Each October, the National Football League joins the American Cancer Society to raise awareness about the importance of regular breast exams and to raise money to help fight breast cancer. Read more here.
As we all know October is Breast Cancer Month and during this month thousands of organizations nation wide give back to the cause–and accessory retailer Brighton Collectibles has been consistent in the fight. The inception of “Brighton Gives Back” began in 2003 with this year marking Brighton’s 14th year. The 2016 goal is to raise over “$400,000 to worthy organizations working towards education research and treatment” (Brighton, 2016).
Each year Brighton chooses a local or national charity to partner with and this year the non-profit organization I volunteer for has been chosen! I Will Survive Inc, will be the recipient of the Snellville, GA Brighton locations in store “Power of Pink” event sales and purchases throughout the month of October. For every “Power of Pink” item which ranges for $30 upwards 10% of the proceeds will go to I Will Survive Inc.
I Will Survive Inc. is founded by Anisa Palmer…
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Nearly everyone in the 1950s and 1960s was exposed to the pesticide, and its use continues in Africa. Three generations of women are involved in the research.
Doraville hit a grand slam against Dunwoody Thursday, Oct 13 at a benefit softball game between employees from both cities to raise funds for I Will Survive, Inc., a local service agency for breast cancer survivors.
A raffle for a Big Green Egg grill package raised $2,108 that was then added to a $1,000 corporate contribution from Halpern Enterprises, Inc., bringing in a total contribution of $3,108 for the cancer survivor agency. Halpern was represented at the event by Jimmy Cushman and Halpern co-owner Carolyn Oppenheimer.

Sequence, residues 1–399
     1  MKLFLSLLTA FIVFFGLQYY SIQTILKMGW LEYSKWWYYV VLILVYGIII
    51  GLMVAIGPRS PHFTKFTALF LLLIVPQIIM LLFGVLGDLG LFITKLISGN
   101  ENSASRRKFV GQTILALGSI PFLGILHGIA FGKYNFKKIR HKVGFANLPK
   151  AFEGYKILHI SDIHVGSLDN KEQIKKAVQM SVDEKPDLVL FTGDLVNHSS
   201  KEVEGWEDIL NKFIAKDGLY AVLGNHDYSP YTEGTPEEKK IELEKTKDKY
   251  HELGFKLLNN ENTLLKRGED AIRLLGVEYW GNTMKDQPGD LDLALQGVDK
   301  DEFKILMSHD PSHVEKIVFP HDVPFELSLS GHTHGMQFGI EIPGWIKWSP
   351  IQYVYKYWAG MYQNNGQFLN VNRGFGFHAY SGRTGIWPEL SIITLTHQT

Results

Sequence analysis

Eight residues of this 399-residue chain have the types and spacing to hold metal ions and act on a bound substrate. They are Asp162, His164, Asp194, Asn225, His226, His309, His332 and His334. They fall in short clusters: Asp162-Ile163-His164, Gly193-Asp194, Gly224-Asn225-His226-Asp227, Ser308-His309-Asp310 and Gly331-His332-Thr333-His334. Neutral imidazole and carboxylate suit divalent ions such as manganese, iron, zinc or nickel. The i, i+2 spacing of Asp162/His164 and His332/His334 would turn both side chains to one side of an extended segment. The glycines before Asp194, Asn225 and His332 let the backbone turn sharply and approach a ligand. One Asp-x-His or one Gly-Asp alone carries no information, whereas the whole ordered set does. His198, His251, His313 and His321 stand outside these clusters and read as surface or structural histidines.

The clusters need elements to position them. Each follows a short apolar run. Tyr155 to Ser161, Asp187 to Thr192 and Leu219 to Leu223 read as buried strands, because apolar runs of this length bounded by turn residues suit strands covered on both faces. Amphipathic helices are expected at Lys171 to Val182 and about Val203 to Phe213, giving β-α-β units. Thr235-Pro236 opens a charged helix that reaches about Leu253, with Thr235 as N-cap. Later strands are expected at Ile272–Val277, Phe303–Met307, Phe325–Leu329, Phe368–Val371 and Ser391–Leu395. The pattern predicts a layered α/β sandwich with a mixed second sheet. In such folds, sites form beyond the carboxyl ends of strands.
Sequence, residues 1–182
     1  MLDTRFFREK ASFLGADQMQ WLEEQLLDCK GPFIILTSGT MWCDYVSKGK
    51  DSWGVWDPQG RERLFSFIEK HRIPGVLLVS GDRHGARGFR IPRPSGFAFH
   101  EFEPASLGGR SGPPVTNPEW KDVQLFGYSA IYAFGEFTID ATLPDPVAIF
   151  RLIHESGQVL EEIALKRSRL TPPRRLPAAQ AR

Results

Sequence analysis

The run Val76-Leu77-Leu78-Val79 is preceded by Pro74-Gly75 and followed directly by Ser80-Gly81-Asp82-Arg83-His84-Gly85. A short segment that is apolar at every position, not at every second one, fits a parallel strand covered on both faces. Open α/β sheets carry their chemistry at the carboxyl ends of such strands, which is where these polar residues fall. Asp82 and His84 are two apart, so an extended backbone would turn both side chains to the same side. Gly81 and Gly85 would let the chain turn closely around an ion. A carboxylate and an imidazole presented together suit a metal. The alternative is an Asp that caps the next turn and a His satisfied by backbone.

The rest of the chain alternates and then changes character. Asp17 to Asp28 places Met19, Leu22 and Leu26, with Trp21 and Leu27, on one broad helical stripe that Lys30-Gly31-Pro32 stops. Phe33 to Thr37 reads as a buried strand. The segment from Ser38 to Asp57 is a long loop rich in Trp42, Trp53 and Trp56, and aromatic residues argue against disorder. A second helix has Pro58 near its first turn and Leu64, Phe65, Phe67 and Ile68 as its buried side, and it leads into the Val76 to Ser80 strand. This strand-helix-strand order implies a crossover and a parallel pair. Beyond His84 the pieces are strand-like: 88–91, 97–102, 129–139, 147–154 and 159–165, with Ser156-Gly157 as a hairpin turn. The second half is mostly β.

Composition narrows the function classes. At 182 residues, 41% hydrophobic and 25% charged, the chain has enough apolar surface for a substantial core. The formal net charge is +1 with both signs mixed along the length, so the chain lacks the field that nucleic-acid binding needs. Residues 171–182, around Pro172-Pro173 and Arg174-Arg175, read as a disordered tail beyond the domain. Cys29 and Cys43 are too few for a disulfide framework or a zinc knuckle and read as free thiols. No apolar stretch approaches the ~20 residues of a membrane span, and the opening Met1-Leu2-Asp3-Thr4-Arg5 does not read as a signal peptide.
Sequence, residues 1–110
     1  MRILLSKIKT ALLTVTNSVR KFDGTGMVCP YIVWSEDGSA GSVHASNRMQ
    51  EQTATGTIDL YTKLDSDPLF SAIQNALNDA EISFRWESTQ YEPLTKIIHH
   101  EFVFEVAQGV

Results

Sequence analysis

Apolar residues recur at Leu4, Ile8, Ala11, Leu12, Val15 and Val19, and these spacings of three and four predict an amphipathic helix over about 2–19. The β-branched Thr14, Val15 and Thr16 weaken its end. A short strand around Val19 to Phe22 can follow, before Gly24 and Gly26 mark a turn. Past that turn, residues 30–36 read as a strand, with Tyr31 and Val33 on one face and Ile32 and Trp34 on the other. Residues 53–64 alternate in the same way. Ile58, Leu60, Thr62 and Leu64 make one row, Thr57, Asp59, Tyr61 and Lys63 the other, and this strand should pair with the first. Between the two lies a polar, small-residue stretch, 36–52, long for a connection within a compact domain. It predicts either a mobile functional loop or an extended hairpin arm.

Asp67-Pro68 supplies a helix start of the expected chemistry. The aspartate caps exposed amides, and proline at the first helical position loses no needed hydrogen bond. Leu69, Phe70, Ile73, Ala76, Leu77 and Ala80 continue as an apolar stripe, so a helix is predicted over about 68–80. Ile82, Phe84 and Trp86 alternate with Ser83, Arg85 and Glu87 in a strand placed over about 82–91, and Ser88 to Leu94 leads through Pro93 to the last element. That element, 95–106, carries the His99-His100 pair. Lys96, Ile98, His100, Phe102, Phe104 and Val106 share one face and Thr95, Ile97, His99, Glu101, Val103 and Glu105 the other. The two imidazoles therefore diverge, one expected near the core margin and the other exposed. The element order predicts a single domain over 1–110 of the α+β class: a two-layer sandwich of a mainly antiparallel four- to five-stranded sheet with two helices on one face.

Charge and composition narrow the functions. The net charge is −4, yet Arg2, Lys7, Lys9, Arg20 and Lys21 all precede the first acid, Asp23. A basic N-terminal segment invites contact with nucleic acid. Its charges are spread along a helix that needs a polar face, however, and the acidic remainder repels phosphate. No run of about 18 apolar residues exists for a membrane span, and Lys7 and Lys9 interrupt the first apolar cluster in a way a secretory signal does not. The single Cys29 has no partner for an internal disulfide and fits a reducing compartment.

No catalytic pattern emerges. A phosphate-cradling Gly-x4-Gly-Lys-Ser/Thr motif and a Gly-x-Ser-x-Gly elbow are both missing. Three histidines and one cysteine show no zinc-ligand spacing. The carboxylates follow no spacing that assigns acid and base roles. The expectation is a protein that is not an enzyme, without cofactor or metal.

Played at Honeysuckle Park, the ball game was a whopping 18-5 win for the Doraville Firebirds softball team. Doraville Mayor Donna Pittman and Dunwoody Mayor Dennis Shortal led the team-friendly event
Thanks to Kari Lopez, Doraville Police Department, for creating the trophy for this first-time event. City Clerk Sherry Henderson was the lucky winner of the grill package valued at $1,000 that was generously donated by The Big Green Egg®, whose corporate headquarters are located in Doraville.
A special “thank you” is extended to all who bought raffle tickets, those city employees who participated in the ball game from both Doraville and Dunwoody, and to everyone who helped coordinate this worthwhile event to recognize Pink Ribbon Month for cancer survivors that runs through the month of October.
Source: Welcome to Doraville, GA
Image Credit: http://www.tv.com
Discover the connection between health and friendship, and how to promote and maintain healthy friendships.
Friendships can have a major impact on your health and well-being, but it’s not always easy to build or maintain friendships. Understand the importance of friendships in your life and what you can do to develop and nurture friendships.
Good friends are good for your health. Friends can help you celebrate good times and provide support during bad times. Friends prevent loneliness and give you a chance to offer needed companionship, too. Friends can also:
- Increase your sense of belonging and purpose
- Boost your happiness and reduce your stress
- Improve your self-confidence and self-worth
- Help you cope with traumas, such as divorce, serious illness, job loss or the death of a loved one
- Encourage you to change or avoid unhealthy lifestyle habits, such as excessive drinking or lack of exercise
Friends also play a significant role in promoting your overall health. Adults with strong social support have a reduced risk of many significant health problems, including depression, high blood pressure and an unhealthy body mass index (BMI). Studies have even found that older adults with a rich social life are likely to live longer than their peers with fewer connections.